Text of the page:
Two weeks after Blake Griffin and DeAndre Jordan dunked all over the Bucks in Los Angeles, the Clippers finish the season series with a trip to the Bradley Center.
Put up or shut up. Do we even need to point it out anymore? In case you haven't been paying attention, it's serious gut-check time for the Bucks, who have fallen flat on their faces when they were supposed to be finally getting healthy and taking advantage of a favorable schedule. Though the Bucks still get 13 of their next 17 at home, it's hard to tell if the current squad can pull itself out of the death spiral it's fallen into. John Hammond doesn't have much flexibility to make a big deal--unlike last year, he doesn't have a bunch of expiring deals to play with--but it seems like he has to do something to shake up a team that appears to have completely lost its confidence.
Maggette's back...might be injured. No word yet on Corey Maggette's availability after leaving Saturday's game with tweaked back, though Carlos Delfino would presumably slide back into the starting lineup should Maggette miss out. Scott Skiles should also have Chris Douglas-Roberts and Garrett Temple available to fill in, though on Saturday he showed a preference for going smaller, with Keyon Dooling getting some solid run at SG and Earl Boykins seeing some time at PG after a number of recent DNP-CDs.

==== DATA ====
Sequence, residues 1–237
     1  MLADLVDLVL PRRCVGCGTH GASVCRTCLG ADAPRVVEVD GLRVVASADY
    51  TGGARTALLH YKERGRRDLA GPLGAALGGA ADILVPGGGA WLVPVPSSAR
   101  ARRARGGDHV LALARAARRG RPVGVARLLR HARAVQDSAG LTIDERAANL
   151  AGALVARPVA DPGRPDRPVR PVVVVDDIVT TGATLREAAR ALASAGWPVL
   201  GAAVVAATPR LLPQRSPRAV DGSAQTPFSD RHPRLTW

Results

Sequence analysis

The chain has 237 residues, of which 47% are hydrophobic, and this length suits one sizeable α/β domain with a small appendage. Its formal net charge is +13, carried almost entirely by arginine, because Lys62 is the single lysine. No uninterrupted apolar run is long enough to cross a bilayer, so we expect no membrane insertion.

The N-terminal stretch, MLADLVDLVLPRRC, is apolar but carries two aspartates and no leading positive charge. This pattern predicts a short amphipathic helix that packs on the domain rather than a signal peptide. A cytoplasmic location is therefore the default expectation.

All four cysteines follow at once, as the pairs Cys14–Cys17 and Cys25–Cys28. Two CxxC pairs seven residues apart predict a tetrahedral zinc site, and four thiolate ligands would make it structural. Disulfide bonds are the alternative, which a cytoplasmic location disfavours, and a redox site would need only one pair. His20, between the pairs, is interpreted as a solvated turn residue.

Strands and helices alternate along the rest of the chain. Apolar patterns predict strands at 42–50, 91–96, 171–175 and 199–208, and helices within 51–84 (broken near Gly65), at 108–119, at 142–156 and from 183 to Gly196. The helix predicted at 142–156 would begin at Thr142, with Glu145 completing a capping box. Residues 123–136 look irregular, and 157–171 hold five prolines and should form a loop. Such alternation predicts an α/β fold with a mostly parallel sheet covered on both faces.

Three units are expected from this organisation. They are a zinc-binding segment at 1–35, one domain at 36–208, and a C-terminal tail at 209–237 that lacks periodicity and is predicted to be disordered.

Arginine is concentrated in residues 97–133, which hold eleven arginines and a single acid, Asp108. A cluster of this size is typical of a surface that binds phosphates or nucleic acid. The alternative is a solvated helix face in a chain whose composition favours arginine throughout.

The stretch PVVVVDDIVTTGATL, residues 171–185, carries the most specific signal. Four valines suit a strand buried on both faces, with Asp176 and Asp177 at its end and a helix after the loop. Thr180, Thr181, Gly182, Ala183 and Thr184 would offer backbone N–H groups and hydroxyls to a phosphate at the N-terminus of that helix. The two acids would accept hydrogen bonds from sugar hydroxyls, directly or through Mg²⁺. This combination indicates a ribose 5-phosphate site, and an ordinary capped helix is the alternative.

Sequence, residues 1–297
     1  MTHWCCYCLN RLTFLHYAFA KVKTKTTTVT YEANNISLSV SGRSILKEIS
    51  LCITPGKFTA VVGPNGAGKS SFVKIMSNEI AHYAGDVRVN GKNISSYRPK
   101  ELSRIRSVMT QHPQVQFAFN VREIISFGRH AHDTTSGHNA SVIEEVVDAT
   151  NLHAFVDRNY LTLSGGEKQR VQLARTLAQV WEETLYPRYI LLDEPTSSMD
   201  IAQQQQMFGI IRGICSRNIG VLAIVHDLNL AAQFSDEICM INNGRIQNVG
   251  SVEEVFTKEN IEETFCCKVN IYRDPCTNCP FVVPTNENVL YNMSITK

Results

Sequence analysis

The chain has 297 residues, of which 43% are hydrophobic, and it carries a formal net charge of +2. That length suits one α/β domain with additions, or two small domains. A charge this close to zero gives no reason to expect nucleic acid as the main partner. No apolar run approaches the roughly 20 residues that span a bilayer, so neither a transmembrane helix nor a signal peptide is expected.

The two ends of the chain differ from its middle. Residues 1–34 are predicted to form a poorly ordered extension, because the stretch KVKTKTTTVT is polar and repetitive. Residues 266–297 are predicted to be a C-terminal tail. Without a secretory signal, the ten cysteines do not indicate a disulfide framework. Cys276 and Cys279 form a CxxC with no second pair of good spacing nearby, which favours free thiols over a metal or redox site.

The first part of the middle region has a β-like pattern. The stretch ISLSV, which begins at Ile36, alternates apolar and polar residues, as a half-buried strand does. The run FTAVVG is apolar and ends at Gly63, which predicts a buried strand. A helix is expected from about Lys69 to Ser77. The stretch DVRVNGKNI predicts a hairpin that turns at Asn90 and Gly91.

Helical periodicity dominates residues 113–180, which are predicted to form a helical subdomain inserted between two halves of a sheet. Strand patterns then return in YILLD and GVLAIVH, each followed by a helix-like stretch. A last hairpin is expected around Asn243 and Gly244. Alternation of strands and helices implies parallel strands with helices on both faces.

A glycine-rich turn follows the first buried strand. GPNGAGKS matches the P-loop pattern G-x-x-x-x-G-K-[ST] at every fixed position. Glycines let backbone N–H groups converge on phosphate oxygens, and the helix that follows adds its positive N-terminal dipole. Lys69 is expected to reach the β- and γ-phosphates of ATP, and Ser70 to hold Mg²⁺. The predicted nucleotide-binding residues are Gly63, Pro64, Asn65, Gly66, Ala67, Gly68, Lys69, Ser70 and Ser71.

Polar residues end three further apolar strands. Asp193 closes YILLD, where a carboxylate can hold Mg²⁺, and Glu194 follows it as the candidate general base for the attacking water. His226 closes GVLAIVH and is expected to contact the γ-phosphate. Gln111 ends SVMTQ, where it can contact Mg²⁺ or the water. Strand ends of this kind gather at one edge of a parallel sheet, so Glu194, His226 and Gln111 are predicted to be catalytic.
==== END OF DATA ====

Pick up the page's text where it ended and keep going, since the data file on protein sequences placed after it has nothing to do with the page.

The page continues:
Clip Roadshow. The Clippers had the unfortunate honor of snapping the Cavaliers' NBA record 26-game losing streak last weekend, falling in OT despite another 32/13 from Blake Griffin. Given the Clippers' tremendous road struggles (4-20), it probably shouldn't have been too shocking, especially since the Cavs were, you know, kind of due. But the Clippers didn't offer much of a bounce-back Sunday night in Toronto either, dropping a 98-93 decision against the Raps despite another 21/15 from their star rookie.
Mr. Consistency. Don't talk to Griffin about rookie walls--aside from the three games in October, Griffin has averaged at least 20.9 ppg and 11.7 rpg every month of his rookie season, which is why he'll be the first rookie to play in all-star game since Yao Ming was voted in back in 2003 (feel free to throw an asterisk on there). Only Kevin Love has more double-doubles than Griffin (44 in 53 games) and he's one of just four guys averaging at least 20/10.
Dunked. Griffin is also second in the league in dunks (125) behind Dwight Howard with teammate DeAndre Jordan third with 106 dunks. Both Clips have more dunks individually than the Bucks have as a team (99), which isn't that surprising if you saw what they did against Scott Skiles' bunch in L.A. Andrew Bogut leads the Bucks with 44 throwdowns.
Jordan rules. Jordan is one of the league's more interesting bigs, as the Bucks saw firsthand when he dropped 16/7 on them in L.A. Over two-thirds of his field goals this year are dunks (106/155), which is a big reason why he's shooting a ridiculous 68.6% from the floor. He's taken only six shots outside 10 feet all year and missed all of them, so he certainly knows how to play to his strength. Interestingly, because he's such a terrible free throw shooter (46%), his true shooting percentage (65.4%) is actually lower than his fg%, though both figures are outstanding. One of the few other players who can claim a lower TS% than fg% is Andrew Bogut, but unfortunately his fg% is a career-low 49% and only a hair above his extremely poor 48.9% true shooting figure.